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2013 Edition -- Target 3: Saturn, Grade 5 and 6 Winner

2013 Essay Contest: Target 3, Grade 5 and 6

Sanjana Krishna
Target 3, Saturn
Sanjana Krishna

6th Grade
Acton, Massachusetts

Teacher: Adi Channasamudhram

"Picture Saturn, the second largest planet but the least dense planet in the solar system, made up mostly of gas and surrounded by spectacular rings made up of almost entirely water ice!

Cassini's camera should point at Saturn and its rings because this planet with sixty two amazing moons and glorious rings is like a mini solar system and can explain many unsolved mysteries of the entire solar system. High resolution pictures from visible-light, ultraviolet and infrared cameras will help put scientists together a mosaic to get very detailed information during the Cassini Solstice mission.

The Cassini solstice mission is planning 155 orbits between the planet and its rings with 54 flybys of Titan and 11 flybys of Enceladus. Closer pictures from an orbiting spacecraft are valuable as newer angles from different planes would provide better views and help plan the flight paths that Cassini should follow. This would be helpful to navigate Cassini carefully through the rings and plan flyby distances properly. A full Saturn year is about 30 years, and it would be valuable to capture observations of seasonal changes from northern winter to summer of the entire Saturn system during this mission.

The magnetic bubble around Saturn known as the magnetosphere is filled with plasma and causes earth-like auroras. Enceladus, Dione and Titan are known to be main sources of new plasma. Cassini's high resolution images shall help scientists understand how the magnetosphere interacts with water ice to form the atmospheres around rings and icy moons and whether it influences the storms on the planet's atmosphere. Towering geysers from Enceladus blast jets of water ice into the magnetosphere that influence the radio activity and even the rotational of the magnetic field. Different visible features on Saturn have been observed to rotate at different rates. Images that help calculate the rotation rates of radio emissions related to the magnetic field would explain elusive questions about Saturn's inconsistent rotation rate.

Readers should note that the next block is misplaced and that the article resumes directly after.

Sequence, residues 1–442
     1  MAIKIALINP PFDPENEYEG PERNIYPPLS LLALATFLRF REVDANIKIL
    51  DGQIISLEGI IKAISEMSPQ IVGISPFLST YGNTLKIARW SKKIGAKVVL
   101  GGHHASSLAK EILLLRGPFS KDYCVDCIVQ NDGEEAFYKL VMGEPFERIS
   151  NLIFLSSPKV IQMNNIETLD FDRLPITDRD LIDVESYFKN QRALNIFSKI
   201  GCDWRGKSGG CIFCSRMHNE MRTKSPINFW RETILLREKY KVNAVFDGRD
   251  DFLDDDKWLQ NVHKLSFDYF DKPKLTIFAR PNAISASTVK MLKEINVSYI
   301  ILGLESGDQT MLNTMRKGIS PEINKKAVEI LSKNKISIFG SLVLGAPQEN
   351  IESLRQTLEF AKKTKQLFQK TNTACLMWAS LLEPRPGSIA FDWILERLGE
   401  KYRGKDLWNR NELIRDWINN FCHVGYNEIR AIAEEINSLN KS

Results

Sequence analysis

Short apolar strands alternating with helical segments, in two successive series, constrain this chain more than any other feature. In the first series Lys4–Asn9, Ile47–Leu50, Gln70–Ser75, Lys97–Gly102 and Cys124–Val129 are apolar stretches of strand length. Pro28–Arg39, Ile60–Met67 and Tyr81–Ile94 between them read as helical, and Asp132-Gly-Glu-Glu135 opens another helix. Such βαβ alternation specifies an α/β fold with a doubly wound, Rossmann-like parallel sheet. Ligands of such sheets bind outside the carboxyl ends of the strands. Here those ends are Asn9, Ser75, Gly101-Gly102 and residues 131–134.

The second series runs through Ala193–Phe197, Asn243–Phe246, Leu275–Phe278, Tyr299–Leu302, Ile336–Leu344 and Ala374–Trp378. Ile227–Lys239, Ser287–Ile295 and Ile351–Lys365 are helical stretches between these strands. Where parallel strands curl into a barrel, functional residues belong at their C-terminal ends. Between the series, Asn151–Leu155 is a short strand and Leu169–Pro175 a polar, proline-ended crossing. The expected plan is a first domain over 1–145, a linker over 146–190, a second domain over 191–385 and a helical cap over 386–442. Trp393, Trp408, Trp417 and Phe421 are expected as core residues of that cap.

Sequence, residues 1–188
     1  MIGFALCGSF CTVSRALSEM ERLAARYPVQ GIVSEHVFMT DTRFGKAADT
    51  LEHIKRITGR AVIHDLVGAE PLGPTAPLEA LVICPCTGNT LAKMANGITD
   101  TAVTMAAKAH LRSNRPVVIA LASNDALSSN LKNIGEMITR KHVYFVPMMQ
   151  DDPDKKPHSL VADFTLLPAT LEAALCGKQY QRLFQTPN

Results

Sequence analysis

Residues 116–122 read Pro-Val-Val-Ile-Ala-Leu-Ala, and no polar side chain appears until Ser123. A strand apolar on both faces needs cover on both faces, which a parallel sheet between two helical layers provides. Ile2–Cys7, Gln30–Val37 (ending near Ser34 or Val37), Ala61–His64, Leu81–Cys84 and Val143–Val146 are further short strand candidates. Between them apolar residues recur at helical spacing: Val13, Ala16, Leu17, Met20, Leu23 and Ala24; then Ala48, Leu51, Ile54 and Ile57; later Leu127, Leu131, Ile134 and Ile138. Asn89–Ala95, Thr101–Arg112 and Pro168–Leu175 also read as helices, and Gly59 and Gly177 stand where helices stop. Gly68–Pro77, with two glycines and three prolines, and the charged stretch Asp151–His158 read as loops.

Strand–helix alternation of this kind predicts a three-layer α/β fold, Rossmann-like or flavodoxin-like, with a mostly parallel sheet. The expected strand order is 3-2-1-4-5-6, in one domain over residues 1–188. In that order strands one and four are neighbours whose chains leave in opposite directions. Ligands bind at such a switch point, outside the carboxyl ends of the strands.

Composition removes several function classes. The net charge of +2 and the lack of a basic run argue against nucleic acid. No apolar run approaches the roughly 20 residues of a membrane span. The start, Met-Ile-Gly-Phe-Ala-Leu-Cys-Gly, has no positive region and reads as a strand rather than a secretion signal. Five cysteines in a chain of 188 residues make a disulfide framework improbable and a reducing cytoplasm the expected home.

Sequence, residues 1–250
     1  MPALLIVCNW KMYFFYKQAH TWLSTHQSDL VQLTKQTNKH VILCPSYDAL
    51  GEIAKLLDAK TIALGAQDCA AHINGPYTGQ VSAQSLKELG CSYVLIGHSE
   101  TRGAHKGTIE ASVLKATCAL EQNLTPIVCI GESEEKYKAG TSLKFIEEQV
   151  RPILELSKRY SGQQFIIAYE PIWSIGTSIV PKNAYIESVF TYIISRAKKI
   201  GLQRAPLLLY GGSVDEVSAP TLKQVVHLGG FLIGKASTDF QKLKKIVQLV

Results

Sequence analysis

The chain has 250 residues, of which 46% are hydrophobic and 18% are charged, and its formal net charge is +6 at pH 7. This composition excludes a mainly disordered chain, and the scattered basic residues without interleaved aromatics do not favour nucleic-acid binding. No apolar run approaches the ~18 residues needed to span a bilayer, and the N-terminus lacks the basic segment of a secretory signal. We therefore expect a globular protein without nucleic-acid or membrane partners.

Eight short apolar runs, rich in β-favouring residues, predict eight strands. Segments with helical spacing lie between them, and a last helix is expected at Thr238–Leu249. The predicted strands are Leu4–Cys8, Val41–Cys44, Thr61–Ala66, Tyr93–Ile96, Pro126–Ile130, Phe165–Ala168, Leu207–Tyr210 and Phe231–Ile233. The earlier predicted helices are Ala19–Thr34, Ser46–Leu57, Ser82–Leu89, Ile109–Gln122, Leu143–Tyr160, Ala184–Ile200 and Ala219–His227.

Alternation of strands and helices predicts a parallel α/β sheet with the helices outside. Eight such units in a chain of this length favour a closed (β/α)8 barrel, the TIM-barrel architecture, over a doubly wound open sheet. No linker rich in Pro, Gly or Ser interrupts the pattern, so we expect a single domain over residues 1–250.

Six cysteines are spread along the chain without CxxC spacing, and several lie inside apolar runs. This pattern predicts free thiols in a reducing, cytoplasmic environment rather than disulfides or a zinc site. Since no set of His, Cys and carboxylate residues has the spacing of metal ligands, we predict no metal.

Astronomers believe Saturn's wide but thin rings were formed when asteroids collided with one of the planet moons. The ice and dust that form Saturns E ring, for instance, have been found to originate from towering geysers on the icy moon Enceladus which sits on this ring. Cassini's high resolution images shall provide data about the composition of the rings, ringlets, gravitational waves in the rings, seasonal spokes, propeller moons and gaps like the Cassini division. Multiple images over time and especially as Cassini navigates to Saturn through the rings towards the end of the mission, shall help us understand how the rings are changing in size and weight, changes in the orbits of moons, how moonlets affect the gap openings and help unravel mysteries about the origin and age of the rings.

In conclusion, I believe Cassini should film Target Three: Saturn, because it will provide much more information than the other targets to help enhance our knowledge about Saturn and the solar system."